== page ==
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Sea level rise is unstoppable. Cities can adapt, but they need to think bigger

Sea level rise will erase entire cities and render homes, buildings, and roads unusable. A new book lays out key design strategies to help us adapt.

Sea level rise is unstoppable. Cities can adapt, but they need to think bigger
[Photos: Eirik Soldal/Unsplash, Nirzar Pangarkar/Unsplash]
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The climate and the oceans have warmed beyond the point of no return. According to a new book from oceanographer John Englander, there is nothing we can do to stop the melting of the Greenland and Antarctic ice sheets. Rising sea levels are now inevitable. By the end of this century, sea levels could be 10 feet higher than they are today.

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The societal impacts of sea level rise will be immense. The shoreline as we know it will be completely reshaped, inundating parts of 10,000 coastal communities around the globe and rendering millions of homes, buildings, roads, and other infrastructure worthless or unusable. Some coastal cities could see flooding every day by mid century, less than 30 years from now. Low-lying cities like Miami, New Orleans, Copenhagen, and Shanghai could be virtually erased.

“It’s pretty bad,” Englander says. “But it’s also a design challenge.”

[Photo: courtesy of Moving to Higher Ground]
Englander’s book, Moving to Higher Ground: Rising Sea Level and the Path Forward, makes the case that we need to start planning and designing for this massive disruption today. The book is oriented toward those most directly able to help the world’s coastal communities redesign themselves: engineers, urban planners, architects, and policymakers, plus the financiers and insurance companies that often determine what actually gets developed.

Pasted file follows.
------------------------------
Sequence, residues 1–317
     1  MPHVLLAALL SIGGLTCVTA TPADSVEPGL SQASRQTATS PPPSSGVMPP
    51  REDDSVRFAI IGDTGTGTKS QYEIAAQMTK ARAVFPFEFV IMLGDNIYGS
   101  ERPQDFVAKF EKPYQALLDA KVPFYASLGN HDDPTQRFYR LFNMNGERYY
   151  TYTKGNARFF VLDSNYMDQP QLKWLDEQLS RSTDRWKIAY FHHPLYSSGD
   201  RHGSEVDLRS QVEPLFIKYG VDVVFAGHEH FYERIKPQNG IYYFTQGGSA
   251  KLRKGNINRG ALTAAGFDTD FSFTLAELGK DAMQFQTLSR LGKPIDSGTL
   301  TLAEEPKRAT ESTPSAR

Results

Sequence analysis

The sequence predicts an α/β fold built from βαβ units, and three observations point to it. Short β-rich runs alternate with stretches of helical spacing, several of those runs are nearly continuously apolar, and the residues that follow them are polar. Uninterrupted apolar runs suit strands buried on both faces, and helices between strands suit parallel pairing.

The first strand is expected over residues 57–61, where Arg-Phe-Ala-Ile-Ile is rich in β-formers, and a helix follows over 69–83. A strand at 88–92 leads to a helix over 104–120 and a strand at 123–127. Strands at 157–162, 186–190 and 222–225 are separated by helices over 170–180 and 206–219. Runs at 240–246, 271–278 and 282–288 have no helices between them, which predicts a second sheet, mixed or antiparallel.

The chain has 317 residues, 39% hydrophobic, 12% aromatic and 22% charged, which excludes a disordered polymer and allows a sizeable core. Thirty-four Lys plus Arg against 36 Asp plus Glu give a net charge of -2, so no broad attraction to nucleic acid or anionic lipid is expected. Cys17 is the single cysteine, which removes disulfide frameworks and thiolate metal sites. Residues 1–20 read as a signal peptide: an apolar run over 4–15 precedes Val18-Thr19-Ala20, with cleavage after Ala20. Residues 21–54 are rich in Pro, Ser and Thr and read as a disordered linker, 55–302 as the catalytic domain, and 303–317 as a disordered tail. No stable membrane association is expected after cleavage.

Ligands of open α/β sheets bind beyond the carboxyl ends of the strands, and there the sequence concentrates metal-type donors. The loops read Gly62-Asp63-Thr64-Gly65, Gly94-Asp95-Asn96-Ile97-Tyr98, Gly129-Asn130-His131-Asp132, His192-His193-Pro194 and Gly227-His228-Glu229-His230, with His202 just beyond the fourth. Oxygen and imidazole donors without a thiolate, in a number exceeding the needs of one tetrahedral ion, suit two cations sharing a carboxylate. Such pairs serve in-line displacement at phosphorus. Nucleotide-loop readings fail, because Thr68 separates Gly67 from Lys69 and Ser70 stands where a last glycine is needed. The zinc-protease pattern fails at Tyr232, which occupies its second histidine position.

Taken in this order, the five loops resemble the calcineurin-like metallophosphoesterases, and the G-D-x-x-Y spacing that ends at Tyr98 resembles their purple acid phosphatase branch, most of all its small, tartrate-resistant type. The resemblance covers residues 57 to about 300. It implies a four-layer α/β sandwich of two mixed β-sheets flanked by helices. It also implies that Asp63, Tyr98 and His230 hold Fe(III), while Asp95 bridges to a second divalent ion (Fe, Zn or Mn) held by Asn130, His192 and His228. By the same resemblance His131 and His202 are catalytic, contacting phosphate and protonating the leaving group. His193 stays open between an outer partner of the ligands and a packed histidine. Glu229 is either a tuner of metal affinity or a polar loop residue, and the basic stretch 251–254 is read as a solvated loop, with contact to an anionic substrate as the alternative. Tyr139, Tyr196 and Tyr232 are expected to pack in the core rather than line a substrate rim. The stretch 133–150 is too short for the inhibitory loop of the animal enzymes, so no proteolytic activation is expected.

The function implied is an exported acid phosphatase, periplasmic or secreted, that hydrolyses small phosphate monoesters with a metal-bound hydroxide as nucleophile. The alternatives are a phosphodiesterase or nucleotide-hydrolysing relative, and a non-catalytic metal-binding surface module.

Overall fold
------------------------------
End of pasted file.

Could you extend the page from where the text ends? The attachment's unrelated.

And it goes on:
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“Once you understand that we could have meters of rise in a century, you realize we can’t wait for the water to arrive. You need to change infrastructure, where your ports and airports are, and how coastal development happens,” Englander says. “At the moment we’re thinking small. We’re putting in pumps and raising streets 50 centimeters at a time. We need to think bigger.”

Building on his previous book, High Tide on Main Street, Englander offers a series of strategies for beginning the process of rethinking coastal and flood-prone communities for a near future with much higher seas.

Accept the inevitability of sea level rise

The sea level is already rising, and will rise much faster in the decades to come, Englander says. “Sea level in the last century has risen about 20 centimeters. And that’s happened gradually enough that we didn’t really notice it. But it’s accelerating. In fact, it’s been almost doubling every decade for the past 30 years. So we’re just in a new reality,” he says.

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The rising temperature of the oceans means that melting will continue to increase. “The planet’s already warmed one degree celsius. We’re talking about whether we can keep the warming to another degree celsius, and most people are starting to doubt that’s possible,” Englander says. “But even if we could keep it to the Paris climate accord goal through all sorts of renewable energy and efforts to reduce greenhouse gases, which would be great, we’re still going to have more sea level rise. The fact that sea level rise is unstoppable is the first thing we have to really look at squarely.”

Move inland and rethink the coast